E. Coli Poisoning: Pulitzer Prizes, CDC Reports And New Legislation

A little over a week ago, the CDC announced that 2009 saw a decline in reported cases of E. coli O157 poisoning. E. coli O157:H7 is one of the strains of E. coli that is most toxic to humans and can cause one of the severest forms of food poisoning.
Lest the news lead us to become complacent about food safety, the CDC’s announcement essentially coincided with the announcement of the Pulitzer Prize committee that Michael Moss, a New York Times reporter, was awarded a Pulitzer for his investigative work in a story about the E. coli poisoning of Stephanie Smith, a 22-year old woman who became infected with E. coli through a hamburger patty.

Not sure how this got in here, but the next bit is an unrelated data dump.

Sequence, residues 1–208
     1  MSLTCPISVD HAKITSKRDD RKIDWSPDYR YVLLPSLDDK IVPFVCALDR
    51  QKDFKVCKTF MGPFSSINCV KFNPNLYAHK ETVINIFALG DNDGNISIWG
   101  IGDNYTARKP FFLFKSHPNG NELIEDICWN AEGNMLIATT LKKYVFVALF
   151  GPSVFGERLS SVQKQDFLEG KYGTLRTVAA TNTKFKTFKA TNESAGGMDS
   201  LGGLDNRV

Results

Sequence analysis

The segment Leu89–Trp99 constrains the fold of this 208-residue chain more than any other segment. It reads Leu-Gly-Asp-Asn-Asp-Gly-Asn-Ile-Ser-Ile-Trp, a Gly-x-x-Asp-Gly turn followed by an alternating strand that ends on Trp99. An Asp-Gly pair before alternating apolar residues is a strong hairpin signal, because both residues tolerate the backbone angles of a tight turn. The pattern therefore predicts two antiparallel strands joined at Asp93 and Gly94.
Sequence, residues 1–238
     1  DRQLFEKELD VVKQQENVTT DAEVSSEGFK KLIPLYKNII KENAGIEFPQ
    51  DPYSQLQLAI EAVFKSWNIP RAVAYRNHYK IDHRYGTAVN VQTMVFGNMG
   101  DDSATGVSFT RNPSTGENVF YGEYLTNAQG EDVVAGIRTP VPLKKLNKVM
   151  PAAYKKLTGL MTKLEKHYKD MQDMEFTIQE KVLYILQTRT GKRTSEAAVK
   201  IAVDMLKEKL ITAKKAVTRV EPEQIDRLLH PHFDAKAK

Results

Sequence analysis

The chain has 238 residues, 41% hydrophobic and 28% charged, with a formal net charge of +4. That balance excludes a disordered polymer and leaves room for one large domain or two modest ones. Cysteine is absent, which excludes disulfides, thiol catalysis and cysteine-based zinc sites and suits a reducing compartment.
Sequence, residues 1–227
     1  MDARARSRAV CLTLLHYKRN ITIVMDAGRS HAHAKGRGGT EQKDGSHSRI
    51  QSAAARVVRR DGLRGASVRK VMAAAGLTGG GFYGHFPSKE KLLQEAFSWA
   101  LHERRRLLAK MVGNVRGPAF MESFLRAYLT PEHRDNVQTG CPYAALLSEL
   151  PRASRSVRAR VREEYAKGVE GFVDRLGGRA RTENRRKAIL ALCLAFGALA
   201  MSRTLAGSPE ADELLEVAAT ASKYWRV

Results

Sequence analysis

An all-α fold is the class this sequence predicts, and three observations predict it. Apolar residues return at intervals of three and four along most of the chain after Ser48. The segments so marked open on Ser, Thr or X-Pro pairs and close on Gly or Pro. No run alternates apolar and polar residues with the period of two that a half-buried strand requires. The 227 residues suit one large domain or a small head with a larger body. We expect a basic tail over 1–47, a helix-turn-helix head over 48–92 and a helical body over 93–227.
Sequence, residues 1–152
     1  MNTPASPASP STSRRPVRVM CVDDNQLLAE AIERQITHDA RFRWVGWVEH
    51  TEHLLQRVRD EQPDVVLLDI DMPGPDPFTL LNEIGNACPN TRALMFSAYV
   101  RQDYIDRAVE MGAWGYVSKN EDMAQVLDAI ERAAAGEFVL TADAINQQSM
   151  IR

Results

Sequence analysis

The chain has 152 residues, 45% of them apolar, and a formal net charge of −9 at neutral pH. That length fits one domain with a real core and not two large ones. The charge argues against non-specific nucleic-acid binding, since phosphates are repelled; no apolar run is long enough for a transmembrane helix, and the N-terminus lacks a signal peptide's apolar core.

The E. coli infection left Stephanie brain injured, unable to walk and with a serious kidney condition called Hemolytic Uremic Syndrome, that will necessitate multiple kidney transplants over the course of Stephanie’s life.
If you think our government should be doing more to prevent tainted food, like the E. coli that poisoned Stephanie Smith, from making its way to our plates, there’s good news for you: a bill, S. 510: FDA Food Safety Modernization Act, is currently pending in the Senate that would require more stringent food inspections. If you’re a Massachusetts resident, call Senators Kerry and Brown and let them know you’re in favor of safer food.

If you have been injured as a result of food poisoning caused by tainted food and require the services of a Boston personal injury attorney, call The Law Office of Alan H. Crede at (617)973-6434 for a free consultation.